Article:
"Don lives and breathes skiing," says ski-racing legend Stein Eriksen, who's bought a lot of things from Thomas over the years-including, once, a Studebaker. Thomas' Sporthaus, which has served Detroit-area skiers for 51 years, is the oldest ski shop in America still operated by its founder. At 76, Thomas shows up every day and still "keeps track of everything that goes on in the sport," Eriksen says admiringly. After more than a half-century of working the floor, Thomas knows his way around the shop. His tips for avoiding retail hell:
Do your homework.
Before you walk into a ski shop, read everything you can about what's available and determine the features that are most important to you. "It makes no sense to buy racing gear if you're going to cruise blues," Thomas says.
When you enter a shop, notice whether gear is well-organized. In good shops, merchandise will be easy to find. "If the shop is a mess, with gear strewn all over, go somewhere else," he advises.
Getting the right gear depends on a dialogue between the buyer and seller, so ask the salesperson questions. How much do you ski? Why does the shop carry a particular brand? How long have you worked here? "Salespeople who are the real deal will be eager to talk skiing," Thomas says. "Pretenders will tap dance."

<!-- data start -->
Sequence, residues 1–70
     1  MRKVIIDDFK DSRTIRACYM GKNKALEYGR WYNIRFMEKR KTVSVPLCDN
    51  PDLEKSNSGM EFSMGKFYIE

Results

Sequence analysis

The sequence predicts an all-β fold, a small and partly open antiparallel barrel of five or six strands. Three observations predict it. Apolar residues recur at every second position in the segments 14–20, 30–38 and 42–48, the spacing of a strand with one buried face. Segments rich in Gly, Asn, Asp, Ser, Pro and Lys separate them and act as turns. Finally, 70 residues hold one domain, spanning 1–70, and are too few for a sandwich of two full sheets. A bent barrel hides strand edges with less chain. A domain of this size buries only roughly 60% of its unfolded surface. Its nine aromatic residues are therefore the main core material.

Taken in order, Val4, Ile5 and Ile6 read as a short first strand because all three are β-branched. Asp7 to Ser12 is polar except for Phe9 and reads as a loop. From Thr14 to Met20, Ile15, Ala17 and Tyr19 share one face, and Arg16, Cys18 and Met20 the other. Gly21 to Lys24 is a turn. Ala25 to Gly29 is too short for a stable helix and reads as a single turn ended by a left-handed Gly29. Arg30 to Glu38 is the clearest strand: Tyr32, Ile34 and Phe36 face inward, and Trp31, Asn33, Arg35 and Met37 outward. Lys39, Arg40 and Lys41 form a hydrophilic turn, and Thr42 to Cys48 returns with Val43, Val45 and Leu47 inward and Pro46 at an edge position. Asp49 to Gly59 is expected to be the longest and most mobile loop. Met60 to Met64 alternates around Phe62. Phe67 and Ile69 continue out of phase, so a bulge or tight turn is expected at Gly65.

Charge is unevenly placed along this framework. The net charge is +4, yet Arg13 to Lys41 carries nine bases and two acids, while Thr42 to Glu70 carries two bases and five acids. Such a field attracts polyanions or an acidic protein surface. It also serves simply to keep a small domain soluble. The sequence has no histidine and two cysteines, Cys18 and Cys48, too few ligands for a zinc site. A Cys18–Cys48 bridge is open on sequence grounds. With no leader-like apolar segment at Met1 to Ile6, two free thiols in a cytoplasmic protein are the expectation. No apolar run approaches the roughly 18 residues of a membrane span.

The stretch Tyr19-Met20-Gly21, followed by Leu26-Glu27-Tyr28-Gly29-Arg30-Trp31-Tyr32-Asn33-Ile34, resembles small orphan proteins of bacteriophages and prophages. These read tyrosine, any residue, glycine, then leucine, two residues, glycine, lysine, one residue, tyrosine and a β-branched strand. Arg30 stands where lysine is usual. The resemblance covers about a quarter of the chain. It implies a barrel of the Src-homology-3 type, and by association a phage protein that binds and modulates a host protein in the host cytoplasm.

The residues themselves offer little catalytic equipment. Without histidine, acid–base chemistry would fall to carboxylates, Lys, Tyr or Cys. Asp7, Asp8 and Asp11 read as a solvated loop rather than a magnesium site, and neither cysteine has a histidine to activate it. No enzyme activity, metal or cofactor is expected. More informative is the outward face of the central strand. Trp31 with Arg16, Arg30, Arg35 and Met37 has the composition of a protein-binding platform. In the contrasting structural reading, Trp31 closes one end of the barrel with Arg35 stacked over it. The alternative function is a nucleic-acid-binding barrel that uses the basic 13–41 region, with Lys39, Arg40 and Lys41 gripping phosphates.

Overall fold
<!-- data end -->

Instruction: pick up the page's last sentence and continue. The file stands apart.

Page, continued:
A good salesperson will ask you things like what conditions you like, where you ski, what type of trails you prefer. Conversation reveals your ability and aspirations. The most common problem is getting "over-skied," or buying a ski that's more than you need. "'We sell a lot of these' is useless information," he warns. "You want something suited for you, not based on the shop's sales."
Mind your feet.
"The easiest thing to sell is a ski boot that's too large; the most difficult thing to sell is a ski boot that's the right size." It's rare that a ski boot fits right out of the box. Good shops can customize boots with footbeds and adjustments. If your retailer only has you try on different sizes of the same boot, your chances of getting the correct boots are slim.
Don't be fooled.
There's a huge difference between technical skiwear and look-alikes. What looks good in a big-box store may perform miserably on snow. This is particularly true when it comes to layering. "If that fake ski jacket leaks and soaks your cotton long underwear, you've wasted your money, both on your outfit and your lift ticket," Thomas says.
Ask about service.
Good shops help you maintain your gear. Properly tuned skis perform dramatically better than untuned ones. Good shops want you to ski well so you'll come back. "If you ask about tunes and the salesperson's first thought is an iPod, find another shop."